< Back to previous page

Publication

Management of recurrent and metastatic oral cavity cancer

Journal Contribution - Journal Article

Subtitle:raising the bar a step higher
In recurrent and/or metastatic squamous cell carcinoma of the head and neck (R/M-SCCHN), the armamentarium of systemic anti-cancer modalities continues to grow in parallel with innovations in and better integration of local approaches. The backbone of cytotoxic chemotherapy remains cisplatin with 5-fluorouracil or a taxane. In contrast to cisplatin, the tumoricidal activity of carboplatin monotherapy is debatable. Adding the epidermal growth factor receptor (EGFR) inhibitor cetuximab to a platinum/5-fluorouracil doublet (the so-called EXTREME regimen) produced a statistically but also clinically significant improvement of survival and became thus the standard first-line palliative treatment in adequately fit patients. Interestingly, three large randomized trials (EXTREME, SPECTRUM, and ZALUTE) evaluating different anti-EGFR monoclonal antibodies (cetuximab, panitumumab, and zalutumumab, respectively) demonstrated preferential anti-tumour efficacy in patients with primary cancer in the oral cavity. Modern immunotherapy with immunomodulating antibodies, dubbed immune checkpoint inhibitors, such as anti-programmed cell death protein-1 (anti-PD-1) inhibitors nivolumab and pembrolizumab, showed unprecedented activity in one first-line (KEYNOTE-048) and several second-line trials (CheckMate-141, KEYNOTE-012, KEYNOTE-055, and KEYNOTE-040). In a minority of also heavily-pretreated patients, these agents generate long-lasting responses without the typical chemotherapy-related toxicity, however, at a price of a low overall response rate, rare but potentially life-threatening immune-related adverse events, the risk of hyperprogression, and high costs. In oligometastatic disease, emerging data indicate long-term benefit with locally ablative techniques including metastasectomy and stereotactic radiotherapy of pulmonary but also hepatic and other distant lesions. In the frame of highly-individualized cancer care, a particularly intriguing approach is a combination of systemic and local therapies.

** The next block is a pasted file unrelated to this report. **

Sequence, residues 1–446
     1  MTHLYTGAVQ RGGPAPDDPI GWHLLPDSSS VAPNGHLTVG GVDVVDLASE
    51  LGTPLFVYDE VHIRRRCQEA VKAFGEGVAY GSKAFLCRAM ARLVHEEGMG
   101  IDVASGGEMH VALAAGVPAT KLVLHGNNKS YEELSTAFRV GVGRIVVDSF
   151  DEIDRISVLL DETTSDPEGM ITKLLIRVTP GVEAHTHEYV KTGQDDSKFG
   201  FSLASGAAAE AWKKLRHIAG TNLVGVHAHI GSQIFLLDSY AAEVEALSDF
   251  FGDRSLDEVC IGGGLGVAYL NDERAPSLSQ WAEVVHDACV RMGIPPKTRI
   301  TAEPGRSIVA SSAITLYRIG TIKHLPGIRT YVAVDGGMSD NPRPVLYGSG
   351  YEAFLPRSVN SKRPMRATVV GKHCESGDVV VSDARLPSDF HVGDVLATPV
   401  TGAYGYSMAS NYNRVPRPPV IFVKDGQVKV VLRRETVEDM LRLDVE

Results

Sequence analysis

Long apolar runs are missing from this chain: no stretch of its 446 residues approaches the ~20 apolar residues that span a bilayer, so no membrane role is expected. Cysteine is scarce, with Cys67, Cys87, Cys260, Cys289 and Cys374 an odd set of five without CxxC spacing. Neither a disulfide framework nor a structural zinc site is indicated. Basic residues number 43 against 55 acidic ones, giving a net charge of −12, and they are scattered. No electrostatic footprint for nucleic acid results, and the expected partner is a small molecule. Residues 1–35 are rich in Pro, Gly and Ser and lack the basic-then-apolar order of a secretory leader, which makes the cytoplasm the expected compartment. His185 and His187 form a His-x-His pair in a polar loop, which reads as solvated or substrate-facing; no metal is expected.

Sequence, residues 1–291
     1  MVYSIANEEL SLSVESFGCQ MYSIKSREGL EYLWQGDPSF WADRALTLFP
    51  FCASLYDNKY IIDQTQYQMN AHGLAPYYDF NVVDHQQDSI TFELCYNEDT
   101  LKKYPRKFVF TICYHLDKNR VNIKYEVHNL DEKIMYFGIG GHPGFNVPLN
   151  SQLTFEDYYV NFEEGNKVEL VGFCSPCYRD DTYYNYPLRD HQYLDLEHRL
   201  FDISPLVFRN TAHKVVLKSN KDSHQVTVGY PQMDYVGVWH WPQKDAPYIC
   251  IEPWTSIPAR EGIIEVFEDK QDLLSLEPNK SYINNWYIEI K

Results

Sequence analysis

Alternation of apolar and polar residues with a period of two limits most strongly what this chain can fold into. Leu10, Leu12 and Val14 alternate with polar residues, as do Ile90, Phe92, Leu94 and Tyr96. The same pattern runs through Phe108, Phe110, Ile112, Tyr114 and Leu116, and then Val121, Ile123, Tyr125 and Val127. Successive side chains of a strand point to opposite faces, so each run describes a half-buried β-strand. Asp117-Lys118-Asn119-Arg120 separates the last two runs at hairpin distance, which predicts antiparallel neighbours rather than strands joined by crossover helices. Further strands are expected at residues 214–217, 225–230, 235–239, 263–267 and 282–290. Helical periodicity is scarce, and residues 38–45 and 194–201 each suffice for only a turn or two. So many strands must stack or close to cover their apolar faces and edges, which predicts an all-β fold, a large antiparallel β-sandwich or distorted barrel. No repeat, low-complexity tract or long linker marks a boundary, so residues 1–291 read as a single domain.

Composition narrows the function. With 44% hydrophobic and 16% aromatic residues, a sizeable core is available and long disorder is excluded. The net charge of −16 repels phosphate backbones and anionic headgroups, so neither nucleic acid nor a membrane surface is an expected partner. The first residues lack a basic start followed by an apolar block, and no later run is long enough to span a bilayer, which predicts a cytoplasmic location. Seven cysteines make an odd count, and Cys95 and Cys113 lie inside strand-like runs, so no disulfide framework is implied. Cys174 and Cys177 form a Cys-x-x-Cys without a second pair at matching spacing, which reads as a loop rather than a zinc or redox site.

Journal: Oral Oncology
ISSN: 1368-8375
Volume: 101
Number of pages: 9
Publication year:2020